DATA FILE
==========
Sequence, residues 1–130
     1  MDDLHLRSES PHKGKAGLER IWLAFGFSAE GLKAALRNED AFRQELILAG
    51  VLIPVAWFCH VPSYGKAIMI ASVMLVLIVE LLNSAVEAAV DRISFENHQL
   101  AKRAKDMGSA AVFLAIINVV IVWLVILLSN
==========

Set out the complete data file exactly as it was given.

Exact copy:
Sequence, residues 1–130
     1  MDDLHLRSES PHKGKAGLER IWLAFGFSAE GLKAALRNED AFRQELILAG
    51  VLIPVAWFCH VPSYGKAIMI ASVMLVLIVE LLNSAVEAAV DRISFENHQL
   101  AKRAKDMGSA AVFLAIINVV IVWLVILLSN